DBM and USAID increase their financial support for Odette victims

RECONSTRUCTION Ubay’s residents, Bohol, are digging through debris piles to find anything they can use to rebuild their homes destroyed by Typhoon “Odette” as it battered the Visayas and Mindanao during the week last. —LEO UDTOHAN

MANILA, Philippines – The national government and the United States have increased their financial support to communities devastated by Typhoon Odette last week.

The documents of the Order of Release of Special Assignments (Saro) of the Ministry of Budget and Management (DBM) showed that it had approved on December 28 an additional amount of 4.9 billion pesos, paid to the Ministry of Finances (DOF) through the Treasury Office, for the government units (LGU) most affected by “Odette”.

In addition to the P2 billion – P1 billion each on December 24 and 27 – previously paid to the Treasury, the total aid to LGUs in the six regions placed in a state of disaster due to “Odette” now amounted to P6, 9 billion, DBM documents showed.

In a statement released on Wednesday, the DBM said LGUs assigned to Mimaropa will receive a total of 454.2 million pesos; P2.1 billion in the Western Visayas; 1.4 billion pesos in the central Visayas; 1.2 billion pesos in the Eastern Visayas; P363.4 million in northern Mindanao; and 1.3 billion pesos in Caraga.

The latest version of DBM, worth 4.9 billion pesos, will go to people whose livelihoods and properties were damaged in the “Odette” attack. By region, the victims of Mimaropa will be distributed among them 198.2 million pesos; in the Western Visayas, 1.6 billion pesos; Central visayas, 1 billion pesos; Eastern Visayas, 964.1 million pesos; North of Mindanao, 156 million pesos; and Caraga, 864.1 million pesos.

“Affected individuals and families should receive assistance equivalent to P 1,000 per person and a maximum of P 5,000 per household. The beneficiary-LGU should facilitate and determine the most effective means of immediately providing assistance to their constituents, subject to close supervision and monitoring by the Department of Home Affairs and Local Government (DSWD) and the Ministry of Social Protection and Development (DSWD), ”DBM said.

“The individual allocations of the respective towns and municipalities were calculated based on the number of individuals and households affected, as recently reported by the DSWD,” added the DBM.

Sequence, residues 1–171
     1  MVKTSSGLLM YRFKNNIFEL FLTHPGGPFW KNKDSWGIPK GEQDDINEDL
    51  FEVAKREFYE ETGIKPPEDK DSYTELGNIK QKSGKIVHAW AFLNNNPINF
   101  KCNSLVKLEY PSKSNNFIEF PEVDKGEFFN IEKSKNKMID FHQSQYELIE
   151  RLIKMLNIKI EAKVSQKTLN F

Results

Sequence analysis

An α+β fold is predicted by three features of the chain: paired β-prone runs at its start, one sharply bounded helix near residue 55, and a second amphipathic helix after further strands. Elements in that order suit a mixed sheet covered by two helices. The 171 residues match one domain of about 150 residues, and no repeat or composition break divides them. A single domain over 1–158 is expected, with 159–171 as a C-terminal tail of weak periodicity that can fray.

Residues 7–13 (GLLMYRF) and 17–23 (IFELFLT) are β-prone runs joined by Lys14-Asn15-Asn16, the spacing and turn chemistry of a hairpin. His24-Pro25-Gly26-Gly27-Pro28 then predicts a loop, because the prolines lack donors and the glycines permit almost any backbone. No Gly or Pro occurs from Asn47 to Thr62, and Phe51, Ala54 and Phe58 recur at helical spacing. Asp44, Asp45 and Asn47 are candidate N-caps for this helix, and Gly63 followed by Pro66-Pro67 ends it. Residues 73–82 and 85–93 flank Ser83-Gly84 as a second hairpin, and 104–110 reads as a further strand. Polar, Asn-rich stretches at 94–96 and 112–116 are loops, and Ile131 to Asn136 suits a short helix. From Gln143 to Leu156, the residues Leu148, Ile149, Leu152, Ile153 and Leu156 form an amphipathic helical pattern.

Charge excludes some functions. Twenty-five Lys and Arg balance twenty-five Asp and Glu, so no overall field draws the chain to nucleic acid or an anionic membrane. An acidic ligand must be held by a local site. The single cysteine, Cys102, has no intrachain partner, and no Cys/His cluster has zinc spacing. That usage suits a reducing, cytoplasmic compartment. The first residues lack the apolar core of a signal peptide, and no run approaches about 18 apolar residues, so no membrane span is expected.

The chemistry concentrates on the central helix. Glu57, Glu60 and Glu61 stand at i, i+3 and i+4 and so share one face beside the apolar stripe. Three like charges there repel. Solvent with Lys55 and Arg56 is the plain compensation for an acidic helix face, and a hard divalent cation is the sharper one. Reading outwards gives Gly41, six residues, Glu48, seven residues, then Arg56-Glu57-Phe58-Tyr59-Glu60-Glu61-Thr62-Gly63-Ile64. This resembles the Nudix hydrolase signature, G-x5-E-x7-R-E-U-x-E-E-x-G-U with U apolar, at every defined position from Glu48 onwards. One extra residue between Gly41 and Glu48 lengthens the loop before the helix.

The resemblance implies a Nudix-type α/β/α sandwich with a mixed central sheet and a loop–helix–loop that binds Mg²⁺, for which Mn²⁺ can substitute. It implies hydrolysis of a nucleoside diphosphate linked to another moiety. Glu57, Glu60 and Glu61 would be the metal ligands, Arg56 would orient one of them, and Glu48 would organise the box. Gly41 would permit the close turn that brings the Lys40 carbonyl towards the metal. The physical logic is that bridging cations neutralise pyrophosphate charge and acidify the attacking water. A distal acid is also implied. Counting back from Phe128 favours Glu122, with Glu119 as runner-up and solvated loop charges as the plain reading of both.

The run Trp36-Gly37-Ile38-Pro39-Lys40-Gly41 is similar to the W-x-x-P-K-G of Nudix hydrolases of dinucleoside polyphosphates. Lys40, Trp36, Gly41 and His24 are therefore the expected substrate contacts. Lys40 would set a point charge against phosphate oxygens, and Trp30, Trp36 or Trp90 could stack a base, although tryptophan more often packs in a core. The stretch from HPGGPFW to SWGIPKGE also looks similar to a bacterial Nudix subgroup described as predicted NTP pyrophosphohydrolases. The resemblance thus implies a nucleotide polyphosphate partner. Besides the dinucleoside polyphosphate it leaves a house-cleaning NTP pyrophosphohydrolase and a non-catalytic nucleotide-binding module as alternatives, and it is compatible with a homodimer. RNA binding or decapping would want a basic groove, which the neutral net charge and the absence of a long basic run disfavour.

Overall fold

The DBM said that this latest version was charged against unscheduled credits in the 2021 national budget, which means it came from foreign borrowing such as the 4 billion PPP released by the World Bank as part of its fast-disbursing loan granted to the Philippines in November.

As such, these funds “will be recorded as trust receipts, implying that the fund can only be used by the beneficiary-LGU to provide assistance to those affected by the damage caused by Typhoon ‘Odette'” , said DBM.

When releasing funds from the Treasury to LGUs through their respective authorized government service banks, local leaders must disburse all their allocations until December 31, 2022. “Otherwise, all funds not used after the end of December of the year. next year will be donated to the National Treasury. by the LGU concerned ”, according to the DBM.

With 827.2 million pesos of rapid response funds (FRR) replenished by DBM for three government agencies responding to post-“Odette” needs, the national government has so far released a total of 7.7 billion dollars. pesos to rebuild and rehabilitate areas and populations that suffered from the wrath of the typhoon.

The United States Agency for International Development (USAID), meanwhile, has increased its humanitarian aid to the victims of “Odette” to $ 20.2 million, or more than 1.01 billion pesos.